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Mom in labor saved from bleeding to death from placenta accreta

By University Of Utah Health | Posted - May 8th, 2018 @ 3:00pm

Surely it couldn’t be a big deal, right?

That’s what Wendy thought when she first heard she might have placenta accreta. The pregnant Rexburg mom of seven was no stranger to giving birth, and she expected her eighth to be more of the same.

“I just brushed it off,” she remembers thinking. “I’d never heard that word before. I thought ‘I’ve had seven babies – I’m good to go.’”

But Wendy was in serious danger. Pregnancies with placenta accreta occur when the placenta attaches itself too deeply into the lining of the uterus, said Dr. Brett Einerson, an expert at University of Utah Health’s accreta center.

Instead of the placenta detaching normally when giving birth, it can tear away from the uterine wall and cause significant, often catastrophic, bleeding. Even today, bleeding can lead to serious complications and rarely even death during childbirth in patients who give birth without knowing they have placenta accreta.

And the problem is becoming more frequent because of the rise in C-sections. In the 1970s, accreta occurred in about 1 in 4,000 deliveries; in the 80s, it was about 1 in 2,500. More recently, accreta has been found in 1 in about 500-700 births.

The more cesarean deliveries you’ve had, the likelier you are to have accreta. The most worrying recipe of all for potential accreta? Combine multiple C-sections with a placenta previa (when the placenta attaches lower than normal and directly above the cervix, blocking the baby’s route to the birth canal), and it becomes vital for both mom and doc to be on high alert for a potential life-threatening case of placenta accreta no matter what imaging tests, which don’t always catch it, have shown.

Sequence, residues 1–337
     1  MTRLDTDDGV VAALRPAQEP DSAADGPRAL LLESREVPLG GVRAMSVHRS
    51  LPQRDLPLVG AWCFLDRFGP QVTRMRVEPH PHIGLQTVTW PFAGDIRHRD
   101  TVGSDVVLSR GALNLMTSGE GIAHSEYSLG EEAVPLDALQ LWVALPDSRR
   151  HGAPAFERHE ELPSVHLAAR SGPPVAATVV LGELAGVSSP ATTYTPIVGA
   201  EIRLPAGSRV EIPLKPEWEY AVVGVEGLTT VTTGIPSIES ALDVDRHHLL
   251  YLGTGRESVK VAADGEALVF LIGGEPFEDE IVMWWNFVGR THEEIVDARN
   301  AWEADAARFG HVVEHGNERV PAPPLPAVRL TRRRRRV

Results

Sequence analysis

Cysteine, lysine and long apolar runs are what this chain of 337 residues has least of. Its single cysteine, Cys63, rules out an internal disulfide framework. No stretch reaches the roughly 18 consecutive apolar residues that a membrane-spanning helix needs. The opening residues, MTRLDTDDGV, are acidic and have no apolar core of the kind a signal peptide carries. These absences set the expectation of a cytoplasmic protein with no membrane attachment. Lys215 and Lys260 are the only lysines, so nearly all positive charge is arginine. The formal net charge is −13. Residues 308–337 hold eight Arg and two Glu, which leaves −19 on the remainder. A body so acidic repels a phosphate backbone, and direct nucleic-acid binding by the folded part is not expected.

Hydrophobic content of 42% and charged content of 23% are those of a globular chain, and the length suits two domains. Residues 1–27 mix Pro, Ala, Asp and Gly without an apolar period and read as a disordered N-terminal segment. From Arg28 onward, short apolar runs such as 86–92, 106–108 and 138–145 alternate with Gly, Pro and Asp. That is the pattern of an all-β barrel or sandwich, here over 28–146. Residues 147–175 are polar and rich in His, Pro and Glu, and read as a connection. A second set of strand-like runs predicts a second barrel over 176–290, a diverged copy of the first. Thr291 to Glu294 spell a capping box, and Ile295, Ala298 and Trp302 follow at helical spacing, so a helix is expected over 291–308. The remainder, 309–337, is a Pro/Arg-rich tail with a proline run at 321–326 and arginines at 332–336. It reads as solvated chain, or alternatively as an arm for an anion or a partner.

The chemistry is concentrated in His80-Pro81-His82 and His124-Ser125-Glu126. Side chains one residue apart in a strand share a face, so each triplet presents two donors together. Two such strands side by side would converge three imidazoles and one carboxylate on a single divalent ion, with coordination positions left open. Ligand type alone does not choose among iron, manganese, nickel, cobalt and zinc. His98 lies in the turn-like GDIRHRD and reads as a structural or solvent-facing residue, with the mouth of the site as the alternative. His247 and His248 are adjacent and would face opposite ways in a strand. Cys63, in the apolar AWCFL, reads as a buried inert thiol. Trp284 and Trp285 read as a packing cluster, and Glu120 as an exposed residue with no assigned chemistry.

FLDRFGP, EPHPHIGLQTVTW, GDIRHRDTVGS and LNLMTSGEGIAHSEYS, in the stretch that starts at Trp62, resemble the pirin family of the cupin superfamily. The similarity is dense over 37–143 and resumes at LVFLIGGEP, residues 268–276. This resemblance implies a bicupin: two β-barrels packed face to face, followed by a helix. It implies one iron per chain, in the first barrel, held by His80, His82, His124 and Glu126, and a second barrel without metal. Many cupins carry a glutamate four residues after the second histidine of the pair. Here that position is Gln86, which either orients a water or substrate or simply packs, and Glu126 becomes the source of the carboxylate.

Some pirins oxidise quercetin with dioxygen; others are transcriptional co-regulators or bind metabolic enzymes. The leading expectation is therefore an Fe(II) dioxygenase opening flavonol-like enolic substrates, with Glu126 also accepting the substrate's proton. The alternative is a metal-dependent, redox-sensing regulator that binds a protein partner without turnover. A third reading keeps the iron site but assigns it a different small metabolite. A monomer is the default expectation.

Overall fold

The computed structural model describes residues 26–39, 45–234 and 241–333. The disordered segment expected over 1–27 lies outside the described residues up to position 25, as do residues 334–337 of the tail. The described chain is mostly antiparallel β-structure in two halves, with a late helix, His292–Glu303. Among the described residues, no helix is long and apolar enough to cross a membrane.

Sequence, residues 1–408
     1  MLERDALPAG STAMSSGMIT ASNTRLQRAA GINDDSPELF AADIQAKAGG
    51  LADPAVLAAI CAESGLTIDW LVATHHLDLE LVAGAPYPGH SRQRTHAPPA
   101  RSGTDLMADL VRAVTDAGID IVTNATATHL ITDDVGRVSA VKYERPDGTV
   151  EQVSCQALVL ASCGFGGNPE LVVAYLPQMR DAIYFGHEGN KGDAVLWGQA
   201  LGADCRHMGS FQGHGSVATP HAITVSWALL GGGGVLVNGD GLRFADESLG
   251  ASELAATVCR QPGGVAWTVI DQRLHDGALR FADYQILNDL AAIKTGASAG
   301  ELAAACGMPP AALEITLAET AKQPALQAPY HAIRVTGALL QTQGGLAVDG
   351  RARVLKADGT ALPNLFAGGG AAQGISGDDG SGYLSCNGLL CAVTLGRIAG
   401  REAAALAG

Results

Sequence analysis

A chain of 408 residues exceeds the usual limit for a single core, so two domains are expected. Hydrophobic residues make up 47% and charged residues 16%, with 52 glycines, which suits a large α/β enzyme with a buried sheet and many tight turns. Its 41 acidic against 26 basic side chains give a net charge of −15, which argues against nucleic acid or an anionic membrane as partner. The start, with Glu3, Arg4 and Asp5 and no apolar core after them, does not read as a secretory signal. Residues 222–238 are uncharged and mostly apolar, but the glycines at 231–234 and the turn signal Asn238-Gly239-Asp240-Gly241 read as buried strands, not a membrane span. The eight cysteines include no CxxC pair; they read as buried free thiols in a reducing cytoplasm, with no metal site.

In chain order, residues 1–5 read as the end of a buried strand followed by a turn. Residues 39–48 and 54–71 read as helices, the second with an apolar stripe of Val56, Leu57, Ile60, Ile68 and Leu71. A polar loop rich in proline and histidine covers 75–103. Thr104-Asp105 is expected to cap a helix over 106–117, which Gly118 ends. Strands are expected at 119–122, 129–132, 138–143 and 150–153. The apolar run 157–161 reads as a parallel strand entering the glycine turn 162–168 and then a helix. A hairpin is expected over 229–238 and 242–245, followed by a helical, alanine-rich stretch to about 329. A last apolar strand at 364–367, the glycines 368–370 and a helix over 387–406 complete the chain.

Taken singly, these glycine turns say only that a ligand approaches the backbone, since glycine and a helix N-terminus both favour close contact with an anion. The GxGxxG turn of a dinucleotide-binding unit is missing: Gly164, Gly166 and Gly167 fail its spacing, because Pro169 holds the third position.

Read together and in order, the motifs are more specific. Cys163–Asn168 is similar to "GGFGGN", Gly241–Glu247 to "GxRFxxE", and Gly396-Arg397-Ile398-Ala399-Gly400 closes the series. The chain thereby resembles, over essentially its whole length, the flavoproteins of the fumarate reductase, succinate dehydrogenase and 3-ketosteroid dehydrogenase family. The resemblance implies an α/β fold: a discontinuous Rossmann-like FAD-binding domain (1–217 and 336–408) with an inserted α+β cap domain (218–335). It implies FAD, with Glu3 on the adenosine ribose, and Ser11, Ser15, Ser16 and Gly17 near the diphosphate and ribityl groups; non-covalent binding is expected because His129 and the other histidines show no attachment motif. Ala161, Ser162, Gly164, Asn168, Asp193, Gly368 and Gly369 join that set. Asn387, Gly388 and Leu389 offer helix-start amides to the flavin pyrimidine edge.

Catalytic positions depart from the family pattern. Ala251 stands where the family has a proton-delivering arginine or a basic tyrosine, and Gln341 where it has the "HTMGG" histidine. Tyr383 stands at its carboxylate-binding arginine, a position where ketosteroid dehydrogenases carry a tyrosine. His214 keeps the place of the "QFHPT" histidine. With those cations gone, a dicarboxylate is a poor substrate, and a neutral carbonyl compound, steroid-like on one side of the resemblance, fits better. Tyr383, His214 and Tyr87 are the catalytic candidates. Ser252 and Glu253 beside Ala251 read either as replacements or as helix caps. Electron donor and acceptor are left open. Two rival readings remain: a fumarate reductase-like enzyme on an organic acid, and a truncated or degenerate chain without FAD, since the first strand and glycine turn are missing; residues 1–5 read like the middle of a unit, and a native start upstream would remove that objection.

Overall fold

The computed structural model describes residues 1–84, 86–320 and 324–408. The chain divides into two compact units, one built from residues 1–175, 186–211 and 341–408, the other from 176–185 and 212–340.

It’s why Einerson advises physicians and expecting moms to do everything they can to prepare for a normal vaginal delivery, even if they’ve had a C-section before.

“I think there’s a common misperception of ‘Once a cesarean, always a cesarean,’ and we as a medical field haven’t done a good enough job of helping patients understand their options,” said Einerson, noting that VBAC (vaginal birth after cesarean) is successful 70 percent of the time if a woman has had one prior C-section. That number decreases each time a woman has another C-section.

Wendy wasn’t the typical accreta case. She hadn’t had multiple C-sections — just one. Afterward she went on to have several VBACs.

“She and her doctors had done everything right,” Einerson said. “After one C-section, she decided she really wanted to have a vaginal delivery the next time and kept having vaginal deliveries, and everything went great.”

But this time around, something didn’t look right on the ultrasound, according to Wendy’s eagle-eyed Idaho medical team. They sent her to University of Utah Hospital’s accreta center where Wendy met Einerson. Immediately he knew Wendy was potentially facing a crisis situation.

“We were really worried about her,” Einerson said. “I asked Wendy to do something really difficult. I asked her to leave her entire family and come down and live in Salt Lake City with some relatives at 30 weeks gestation. With the way her placenta looked, I was worried that if she went into labor, it could be really, really bad.”